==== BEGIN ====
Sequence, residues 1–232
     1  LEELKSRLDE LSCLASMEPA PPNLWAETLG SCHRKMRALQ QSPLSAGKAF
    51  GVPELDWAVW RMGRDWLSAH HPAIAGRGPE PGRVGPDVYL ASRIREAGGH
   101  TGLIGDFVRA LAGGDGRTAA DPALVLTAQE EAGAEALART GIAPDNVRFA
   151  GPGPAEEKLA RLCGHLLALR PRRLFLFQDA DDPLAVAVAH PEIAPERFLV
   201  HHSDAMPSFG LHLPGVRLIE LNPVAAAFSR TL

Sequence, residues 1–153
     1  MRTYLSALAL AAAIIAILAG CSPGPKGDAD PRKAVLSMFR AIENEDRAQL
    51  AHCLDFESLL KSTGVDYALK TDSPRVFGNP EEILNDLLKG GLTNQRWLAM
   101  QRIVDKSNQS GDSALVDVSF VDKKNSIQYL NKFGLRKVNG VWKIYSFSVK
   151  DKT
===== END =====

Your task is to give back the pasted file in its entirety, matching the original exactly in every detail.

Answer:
Sequence, residues 1–232
     1  LEELKSRLDE LSCLASMEPA PPNLWAETLG SCHRKMRALQ QSPLSAGKAF
    51  GVPELDWAVW RMGRDWLSAH HPAIAGRGPE PGRVGPDVYL ASRIREAGGH
   101  TGLIGDFVRA LAGGDGRTAA DPALVLTAQE EAGAEALART GIAPDNVRFA
   151  GPGPAEEKLA RLCGHLLALR PRRLFLFQDA DDPLAVAVAH PEIAPERFLV
   201  HHSDAMPSFG LHLPGVRLIE LNPVAAAFSR TL

Sequence, residues 1–153
     1  MRTYLSALAL AAAIIAILAG CSPGPKGDAD PRKAVLSMFR AIENEDRAQL
    51  AHCLDFESLL KSTGVDYALK TDSPRVFGNP EEILNDLLKG GLTNQRWLAM
   101  QRIVDKSNQS GDSALVDVSF VDKKNSIQYL NKFGLRKVNG VWKIYSFSVK
   151  DKT